Spending much time outdoors in his childhood Gaudi was able to study and appreciate nature at first hand. Later, after completing military service Gaudi studied architecture at the Llotja School and the Barcelona Higher School of Architecture. The Jardins Artigas are representative of Gaudi's many other creations including archways and Catholic symbolism. The gardens were created and named after a wealthy textile magnate as a means of thanks for the hospitality that Gaudi received from his hosts who he stayed with after a visit to one of his chief patrons in Lillet. The gardens were based on a similar but smaller project that Gaudi had already completed at Park Güell in Barcelona.

Unfortunately, by the 1970s the gardens had fallen into a pitiful state of neglect, however, after details of the state of the gardens and their illustrious architect became known to the wider public they were rescued and magnificently restored by the Polytechnic University of Catalonia in the 1990s. The gardens are currently owned by the local authorities and are open to members of the public.


In line with other outdoor environments that Gaudi had designed, the Jardins Artigas was designed to be sympathetic to the natural environment and trademark Gaudi features include an artificial grotto and religious images. The architect designed the gardens specifically to appeal to visitors with various points of interest at strategic points such as the La Glorieta, La Cova with catenary arches, El Beranador with male and female forms, and La Cascada – a stone fountain embellished with plant motifs. The Christian imagery can be seen in the angel of St Matthew at the fountain, the eagle of St John at the Coix arch bridge, the bull of St Luke at the Bull Fountain and the lion of St Mark at La Pergola.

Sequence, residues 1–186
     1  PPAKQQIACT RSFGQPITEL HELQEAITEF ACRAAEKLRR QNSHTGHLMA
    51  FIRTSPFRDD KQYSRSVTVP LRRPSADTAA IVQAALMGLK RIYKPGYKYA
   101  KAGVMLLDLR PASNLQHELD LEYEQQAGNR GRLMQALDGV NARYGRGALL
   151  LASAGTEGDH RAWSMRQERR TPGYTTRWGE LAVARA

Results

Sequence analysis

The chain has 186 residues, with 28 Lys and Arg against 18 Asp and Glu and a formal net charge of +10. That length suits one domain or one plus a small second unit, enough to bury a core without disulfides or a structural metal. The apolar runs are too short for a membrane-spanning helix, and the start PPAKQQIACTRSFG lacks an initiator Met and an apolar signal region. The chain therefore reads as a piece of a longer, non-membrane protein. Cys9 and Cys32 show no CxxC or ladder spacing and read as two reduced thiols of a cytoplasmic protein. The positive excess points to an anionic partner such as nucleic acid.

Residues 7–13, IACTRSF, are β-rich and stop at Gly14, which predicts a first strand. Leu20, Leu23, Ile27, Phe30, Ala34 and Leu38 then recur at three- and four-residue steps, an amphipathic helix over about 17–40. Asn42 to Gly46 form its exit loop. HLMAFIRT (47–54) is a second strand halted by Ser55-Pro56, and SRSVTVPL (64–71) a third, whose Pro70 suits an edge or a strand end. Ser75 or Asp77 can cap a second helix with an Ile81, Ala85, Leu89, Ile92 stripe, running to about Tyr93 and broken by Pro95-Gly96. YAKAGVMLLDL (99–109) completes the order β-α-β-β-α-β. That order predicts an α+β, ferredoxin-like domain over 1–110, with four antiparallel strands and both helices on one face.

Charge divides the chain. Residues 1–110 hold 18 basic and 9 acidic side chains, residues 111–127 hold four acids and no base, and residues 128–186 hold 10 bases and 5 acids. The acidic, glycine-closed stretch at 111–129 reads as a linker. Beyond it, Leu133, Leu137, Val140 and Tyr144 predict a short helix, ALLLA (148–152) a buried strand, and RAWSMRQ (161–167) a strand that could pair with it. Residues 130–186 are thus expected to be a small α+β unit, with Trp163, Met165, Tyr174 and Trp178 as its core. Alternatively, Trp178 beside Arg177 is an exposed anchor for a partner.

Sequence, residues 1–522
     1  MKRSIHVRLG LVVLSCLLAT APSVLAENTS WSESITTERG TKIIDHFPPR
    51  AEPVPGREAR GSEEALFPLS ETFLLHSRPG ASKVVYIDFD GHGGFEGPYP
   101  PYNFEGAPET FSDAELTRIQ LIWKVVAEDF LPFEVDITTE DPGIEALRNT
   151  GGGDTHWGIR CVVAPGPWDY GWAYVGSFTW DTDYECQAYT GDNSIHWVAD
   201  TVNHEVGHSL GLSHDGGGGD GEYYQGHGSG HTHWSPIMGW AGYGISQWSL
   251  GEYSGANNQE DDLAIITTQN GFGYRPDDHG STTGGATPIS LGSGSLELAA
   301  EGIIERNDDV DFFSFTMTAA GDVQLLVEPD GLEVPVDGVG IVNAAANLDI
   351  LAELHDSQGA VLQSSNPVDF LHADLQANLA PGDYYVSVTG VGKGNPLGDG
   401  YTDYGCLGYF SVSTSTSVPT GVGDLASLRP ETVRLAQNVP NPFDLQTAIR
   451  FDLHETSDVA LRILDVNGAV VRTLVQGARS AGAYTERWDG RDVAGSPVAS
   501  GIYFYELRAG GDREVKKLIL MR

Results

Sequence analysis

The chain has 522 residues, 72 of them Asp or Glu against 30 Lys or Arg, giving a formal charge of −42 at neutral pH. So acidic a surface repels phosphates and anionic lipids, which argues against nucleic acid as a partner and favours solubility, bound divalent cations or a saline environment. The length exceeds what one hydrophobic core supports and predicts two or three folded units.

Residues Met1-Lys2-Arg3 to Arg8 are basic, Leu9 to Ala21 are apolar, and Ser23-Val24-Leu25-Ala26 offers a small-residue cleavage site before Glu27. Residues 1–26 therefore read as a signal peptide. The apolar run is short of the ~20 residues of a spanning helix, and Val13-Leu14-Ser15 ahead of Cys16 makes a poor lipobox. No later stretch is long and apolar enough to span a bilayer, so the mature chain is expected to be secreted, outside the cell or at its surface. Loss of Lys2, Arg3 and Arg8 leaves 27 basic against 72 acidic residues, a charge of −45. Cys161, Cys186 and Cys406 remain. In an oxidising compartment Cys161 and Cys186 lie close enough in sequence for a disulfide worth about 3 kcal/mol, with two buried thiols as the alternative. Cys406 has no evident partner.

Gaudi's work was strongly influenced by the things he was passionate about – namely religion, nature and architecture. His attention to detail is clear in his creations and often included a range of crafts such as wrought iron, forging, ceramics and stained glass. Gaudi was part of the Mondernista movement which took inspiration from neo-Gothic art and Oriental techniques which were incorporated into modernist pieces. However, Gaudi developed a unique style which was organic and used the flow of natural forms in the design.


Gaudi's work still delights and intrigues architects and tourists from all over the globe, and his masterpiece, the still incomplete Sagrada Familia, is the most visited monument in Spain. The Jardins Artigas clearly demonstrates the lasting appeal of his imaginative, natural and inspiring designs. Gaudi's very distinctive style is instantly recognizable in the unique, beautiful and surreal nature of the gardens which invite the visitor to explore and enjoy the almost fairytale bridges, turrets and figures.